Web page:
Greek myths and the financial markets: Can the UK be next?Posted: February 24, 2012
At 1pm tomorrow (Saturday 25 February) Occupy London invites you to hear and speak with notable guest speakers at the steps of St Paul’s focusing on one of the world economy’s hot topic – Greece.
As potential eviction looms for the Occupy the London Stock Exchange camp, based in the churchyard of St Paul’s Cathedral, Occupy London, the movement for economic and social justice continues to provide the space for democratic dialogue and political debate.
Costas Douzinas – teaches law and is Director of the Birkbeck Institute for the Humanities, University of London. His books include ‘The End of Human Rights’, ‘Human Rights and Empire’ and ‘The idea of Communism’ (edited with Slavoj Zizek). He has just published ‘Resistance and Philosophy in the Crisis: Politics Ethics and Station Syntagma’ (Alexandria, Athens) a discussion of new types of disobedience and resistance in Greece and around the world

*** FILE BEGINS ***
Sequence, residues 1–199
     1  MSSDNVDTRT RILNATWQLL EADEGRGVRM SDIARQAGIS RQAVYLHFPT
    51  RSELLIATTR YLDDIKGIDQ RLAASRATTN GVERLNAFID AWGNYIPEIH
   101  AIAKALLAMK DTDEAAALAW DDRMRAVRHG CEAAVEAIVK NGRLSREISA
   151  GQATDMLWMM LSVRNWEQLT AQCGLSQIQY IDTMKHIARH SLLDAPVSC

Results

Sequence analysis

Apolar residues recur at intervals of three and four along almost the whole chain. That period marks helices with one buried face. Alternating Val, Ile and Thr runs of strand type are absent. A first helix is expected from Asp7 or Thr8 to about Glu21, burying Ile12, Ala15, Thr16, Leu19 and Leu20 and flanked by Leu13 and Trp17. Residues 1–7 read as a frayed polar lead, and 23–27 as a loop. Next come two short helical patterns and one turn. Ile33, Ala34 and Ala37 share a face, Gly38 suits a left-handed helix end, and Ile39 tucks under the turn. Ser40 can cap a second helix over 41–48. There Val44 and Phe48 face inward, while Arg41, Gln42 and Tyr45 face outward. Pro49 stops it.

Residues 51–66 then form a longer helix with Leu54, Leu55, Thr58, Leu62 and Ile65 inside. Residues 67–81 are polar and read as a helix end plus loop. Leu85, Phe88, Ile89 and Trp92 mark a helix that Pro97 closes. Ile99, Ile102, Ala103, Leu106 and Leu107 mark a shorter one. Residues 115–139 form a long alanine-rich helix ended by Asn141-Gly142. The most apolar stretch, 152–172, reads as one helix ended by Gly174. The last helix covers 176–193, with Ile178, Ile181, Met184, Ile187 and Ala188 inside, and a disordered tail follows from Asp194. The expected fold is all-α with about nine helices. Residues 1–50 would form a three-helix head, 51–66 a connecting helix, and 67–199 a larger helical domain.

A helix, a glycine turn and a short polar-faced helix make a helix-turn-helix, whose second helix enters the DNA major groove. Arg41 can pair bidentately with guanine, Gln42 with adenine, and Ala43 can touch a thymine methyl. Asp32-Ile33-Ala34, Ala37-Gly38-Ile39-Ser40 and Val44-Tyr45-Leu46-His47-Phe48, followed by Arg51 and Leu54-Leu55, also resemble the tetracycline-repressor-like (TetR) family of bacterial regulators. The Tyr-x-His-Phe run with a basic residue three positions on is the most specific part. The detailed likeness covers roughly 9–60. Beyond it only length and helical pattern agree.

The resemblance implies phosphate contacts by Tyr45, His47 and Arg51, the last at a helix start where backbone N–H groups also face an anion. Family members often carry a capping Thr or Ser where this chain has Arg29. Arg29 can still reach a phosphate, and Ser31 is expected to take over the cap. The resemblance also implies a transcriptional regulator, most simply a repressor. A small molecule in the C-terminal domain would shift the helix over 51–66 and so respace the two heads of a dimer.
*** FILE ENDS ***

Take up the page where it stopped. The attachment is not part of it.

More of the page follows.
Nick Dearden – Director of Jubilee Debt Campaign. The Campaign is a coalition, with over 80 national organisations and part of of a global movement demanding freedom from the slavery of unjust debts and a new financial system that puts people first. It is calling for the unpayable debts of the poorest countries to be cancelled. Nick worked at radical charity War on Want before moving to Amnesty International UK where he played a lead role in developing their new global priority campaign on poverty and economic, social and cultural rights.
On 12 February, the Greek Government, led by the unelected PM Mr Lucas Papadimos, former vice-president of the European Central Bank, signed a second bailout demanding new savage austerity measures.
Has Greece’s Constitution been jeopardised to accommodate the interests of financial institutions, the IMF, European Central Bank?
Has the level of austerity imposed on Greek people – unheard of in peacetime Europe – shut any possibility for economic recovery?
Is the UK next?
Click here for the Facebook event.
The “austerity package”, seeks to impose a 32% cut in the minimum wage for those under 25, a 22% cut for the over 25s. Already unemployment for 15-24-year-olds is 48%. Overall unemployment has increased to over 20%. In addition, the “package” demands further cuts to pensions and public service pay, wholesale privatisation of state assets, and cuts to public services including health, social welfare and education.